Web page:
On 29 November , the Federal Government approved an expansion of the anti-discrimination law to include gender identity and gender expression. It was approved by the Federal Parliament and received royal assent on 22 May It was the first case in Belgium in which a crime was officially qualified as being motivated by hate on the basis of sexual orientation. This included 17 physical attacks, 42 public homophobic insults, 17 housing discrimination cases, and 31 online attacks.
Between and , there was a yearly average of 31 men and 14 women who officially changed their legal gender, with an increase after the law came into in effect. Plans to amend the law to remove these requirements were announced by the Michel Government in ,    passed by the Chamber of Representatives and signed by King Philippe in ,   and took effect on 1 January Currently, it is only possible to change gender on the identity card from male to female or vice versa, but according to the court, persons who are non-binary are excluded from this rule.
The court held that an " X " sex option should be available. The Constitutional Court has asked the Belgian Federal Parliament to work on an arrangement that complies with the ruling, whether through the "creation of one or more additional categories" or the removal of gender from compulsory registration.
Their coalition agreement states that "legislation will be amended in accordance with the ruling of the Constitutional Court. The further implications of that will be investigated.
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In order to change legal sex, an adult person has to file an application with a statement that their legal sex is not corresponding with their gender identity. No surgery or other medical or psychological treatment or opinion is required. After filing an application, the applying person will be informed about the legal consequences of a requested change. The applicant has to renew their intent to have their legal sex changed within three months of application and to declare that they are aware of the legal consequences of a change.
Minors between 12 and 16 have the possibility to change their first name, but not sex. Minors aged 16 and 17 have the possibility to apply for a sex change with parental consent and a psychological opinion confirming that their decision has been taken freely and without any outside pressure. According to the National Register, transgender Belgians changed their legal gender under the new law in Many Belgian hospitals, the Ghent University Hospital UZ Gent among them, are known for their specialisation in sex reassignment surgery.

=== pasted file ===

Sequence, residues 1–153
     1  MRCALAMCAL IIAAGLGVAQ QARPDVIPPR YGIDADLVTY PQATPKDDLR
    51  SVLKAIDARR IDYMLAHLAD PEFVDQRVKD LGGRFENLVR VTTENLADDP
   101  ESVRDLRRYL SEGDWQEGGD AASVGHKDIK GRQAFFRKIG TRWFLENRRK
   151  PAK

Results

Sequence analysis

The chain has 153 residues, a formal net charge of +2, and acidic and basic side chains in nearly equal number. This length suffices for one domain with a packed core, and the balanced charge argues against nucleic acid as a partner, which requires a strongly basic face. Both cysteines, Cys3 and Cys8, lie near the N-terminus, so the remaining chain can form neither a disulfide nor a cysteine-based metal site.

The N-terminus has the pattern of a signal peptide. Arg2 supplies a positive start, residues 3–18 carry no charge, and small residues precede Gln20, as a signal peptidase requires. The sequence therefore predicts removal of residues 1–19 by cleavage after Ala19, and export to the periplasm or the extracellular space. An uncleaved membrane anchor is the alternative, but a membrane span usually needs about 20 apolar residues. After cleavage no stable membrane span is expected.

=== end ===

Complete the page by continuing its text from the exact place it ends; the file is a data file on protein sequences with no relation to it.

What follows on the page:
Many French transgender people go there due to a lack of accepting hospitals in France.
Intersex infants in Belgium may undergo medical interventions to have their sex characteristics altered. Human rights groups increasingly consider these surgeries unnecessary and, they argue, should only be performed if the applicant consents to the operation. In February , the UN Committee on the Rights of the Child recommended Belgium to ban these surgeries and provide intersex infants and their parents counseling and support.
The first intersex organization in Flanders, Intersekse Vlaanderen , was officially registered in August In Belgium, as in many other countries, men who have sex with men MSM were previously not allowed to donate blood. In , the blanket ban was repealed and replaced with a one-year deferral period. In November , she announced the ban would be amended in , making it possible for gay and bisexual men to donate blood after a year of abstinence from sex. In June , the Flemish Red Cross announced it was banning transgender people from donating blood in Flanders.
Following consultations with health and LGBT groups, it reversed course and lifted the ban on 30 September Transgender people can donate subject to a three-month deferral period after starting hormonal therapy and a month deferral after the last sexual encounter. LGBT people are generally well socially accepted in Belgium.
There is a strong gay community, with numerous gay clubs, bars, venues and events. LGBT rights are supported by the main political parties. In , party leader Tom Van Grieken said the party would not campaign to repeal same-sex marriage. Member of the Flemish Parliament Filip Dewinter told the newspaper De Standaard in that the party would now approve of same-sex marriage.
On 2 April , the Flemish Parliament approved 96—0 with 15 abstentions a resolution introduced by MP Piet De Bruyn N-VA and supported by all political parties except Flemish Interest , calling for the government to take measures to support and advance the acceptance of transgender people in society. Following the European Parliament elections, the New Flemish Alliance N-VA was criticized for joining the European Conservatives and Reformists parliamentary group, which contains several right-wing homophobic parties.
However, N-VA asserted they would vote in favour of LGBT rights, and argued that this was an opportunity to change opinions of other parties in that group. In , Dominiek Spinnewyn-Sneppe, newly-elected federal member of Parliament and member of Flemish Interest, was quoted in an interview as criticizing same-sex marriage and adoption by same-sex couples.
After public outcry, party chairman Tom Van Grieken condemned her words, claiming they did not reflect his own opinion or that of the party. While he defended her right to free speech, he claimed that Flemish Interest will not seek to reverse any acquired rights of the LGBT community. Homosexuality is widely accepted in the media.